Cell Surface Expression: Little to no functional CFTR

Channel Function: Little to no function
Example Mutations:  W1282X, G542X, R553X, R1162X, 2184delA, 3659delC, 621 + 1G-T,  711 + 1 G-T, 1717 – 1 G-A, 1898 + 1 G-A

Clinical Associations: Related to more complications of CF like MI, PI, liver disease, etc…

Class 2 (Misfolding/Trafficking, Deletion)

Mutation Effect: Protein processing defect often resulting from improper folding and trafficking to cell membrane.

Cell surface expression: Little to no functional CFTR

Channel Function: Little to no Chloride channel activity

Example Mutations: F508del, N1303K, 1507del, R560T

Clinical Associations: Related to more complications of CF like MI, PI, liver disease, etc…

Class 3 (Gating, Missense)

Mutation Effect: Defect in regulation impairs opening of channel.
Cell Surface Expression: Normal quantity of dysfunctional CFTR at cell surface.
Channel Function: Little to none
Example Mutations: G551D, G551S, S1255P, G178R, G970R, G1244E, G1349D
Clinical Associations: Related to more complications of CF like MI, PI, liver disease, etc…

Class 4 (Channel, Conductance)
Mutation Effect: Insufficient amounts of Chloride move through the channel
Cell Surface Expression: Normal quantity of dysfunctional CFTR
Channel function: Some
Example Mutations: R117H, R334W, R347P
Clinical Associations: fewer CF related complications

Class 5 (Splicing)
Mutation Effect: Splicing error causes variable synthesis of protein, CFTR is produced in smaller than normal quantities.
Cell Surface Expression: Some (variable) functional CFTR at the cell surface
Channel Function: Some
Example Mutations: 3120 + 1 G-A, 3849 + 10 kb C-T, 2789 + 5 G-A, A455E
Clinical associations: fewer CF related complications

Class 6 (Stability, Protein truncation)
Mutation Effect: CFTR degrades too fast.  Not enough functional protein present. Protein truncation causes increased cell-surface turnover.
Cell Surface Expression: Unstable
Channel Function: Some
Example Mutations: 4326delTC, N287Y, 4279insA

Clinical Associations: fewer CF related complications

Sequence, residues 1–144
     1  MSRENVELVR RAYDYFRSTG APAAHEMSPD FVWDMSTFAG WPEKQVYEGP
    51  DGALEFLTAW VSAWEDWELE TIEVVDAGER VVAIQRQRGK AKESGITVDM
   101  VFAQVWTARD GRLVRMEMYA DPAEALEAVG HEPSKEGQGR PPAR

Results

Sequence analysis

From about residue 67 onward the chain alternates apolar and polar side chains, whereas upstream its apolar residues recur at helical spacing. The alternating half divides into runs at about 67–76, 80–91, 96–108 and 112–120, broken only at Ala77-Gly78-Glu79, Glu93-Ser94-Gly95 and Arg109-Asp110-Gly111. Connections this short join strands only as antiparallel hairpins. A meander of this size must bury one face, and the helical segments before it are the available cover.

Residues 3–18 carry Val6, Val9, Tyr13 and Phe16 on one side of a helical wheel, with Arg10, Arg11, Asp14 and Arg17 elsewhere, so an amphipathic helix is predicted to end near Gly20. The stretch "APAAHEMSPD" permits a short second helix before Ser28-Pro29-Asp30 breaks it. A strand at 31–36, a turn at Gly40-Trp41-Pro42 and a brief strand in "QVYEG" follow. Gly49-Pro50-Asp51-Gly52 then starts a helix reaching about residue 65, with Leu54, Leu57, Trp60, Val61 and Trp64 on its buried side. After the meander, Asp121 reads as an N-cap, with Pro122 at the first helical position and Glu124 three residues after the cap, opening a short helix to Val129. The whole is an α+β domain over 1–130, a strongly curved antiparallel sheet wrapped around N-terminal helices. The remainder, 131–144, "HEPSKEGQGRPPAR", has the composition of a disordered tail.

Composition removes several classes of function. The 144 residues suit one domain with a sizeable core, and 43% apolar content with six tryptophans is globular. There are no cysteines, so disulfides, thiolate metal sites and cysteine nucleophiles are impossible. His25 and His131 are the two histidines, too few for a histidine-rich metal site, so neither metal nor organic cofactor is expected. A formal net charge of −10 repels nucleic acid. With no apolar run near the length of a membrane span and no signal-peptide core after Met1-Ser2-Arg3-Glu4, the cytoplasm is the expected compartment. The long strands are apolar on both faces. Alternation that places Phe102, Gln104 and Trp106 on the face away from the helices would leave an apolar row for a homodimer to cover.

Learn More
Until CFTR2 goes online sometime next year, I think the best resource out there is the website associated with Vertex called
You can go to this site and watch animated videos showing the unique dysfunction that different classes of mutations exhibit.  You can page through amazing slide presentations with all sorts of great graphics.  You can go to the "educational resources" tab and request that they send you all the booklets that they gave your Dr. at the Conference this year.  I have been geeking out hard on this website and I hope everyone takes the time to pay them a visit.  This is basically the tool that they are using to educate/refresh the memory of CF physicians about CFTR, so let's see what they are learning!  Of course, you can always go to and do a general search for mutation classes.  This will bring up a short 2 page article about Targeting CF Mutations and is a lot less technical.  In closing, I think this information is crucial for patients to embrace because it is a huge change for Doctors to approach CF care this way.  Genotype information is going to be crucial to find and enroll in the huge number of mutation specific clincal trials coming our way.  My hope is that everyone gets to obsess over their mutation specific therapy as it comes down the pipeline, as I've been able to do with VX-770 for Brady.  I will never forget the day that I first read about VX-770 (Brady was an infant).  I had to go to Brady's medical information file and dig out a letter that listed his specific mutations (they were nothing but a jumble of letters and numbers to me before). 
All of a sudden, it became significant.  Extremely significant.  I believe now, more than ever that they are on track to developing drugs to control CF like VX-770, for other classes of mutations.  MUTATION MATTERS!


What if my insurance doesn't want to cover genetic testing?
--The CFF is planning a patient assistance program to help cover genetic panel costs.  This program is set to begin next year, alongside CFTR2

What if I had the test, but they only identified 1 of my mutations?
--Of course, it is best to know both mutations, but knowing only 1 is much better than knowing none.  In the case of VX-770, only a single patient in that trial was homozygous for G551D.  In other words, they were treating only one of each patient's mutations and still had great success with treatment.  Also, as more mutations are discovered, those genetic panels will include more and more mutations...increasing the chances that they will be able to find that elusive second one.

I know both my mutations, but didn't see them listed in the example mutations
--With close to 1900 CF mutations, this represents just a small fraction of them.  Please ask your Dr. to help you determine which class and the specific type of CFTR dysfunctions that are associated with your mutations.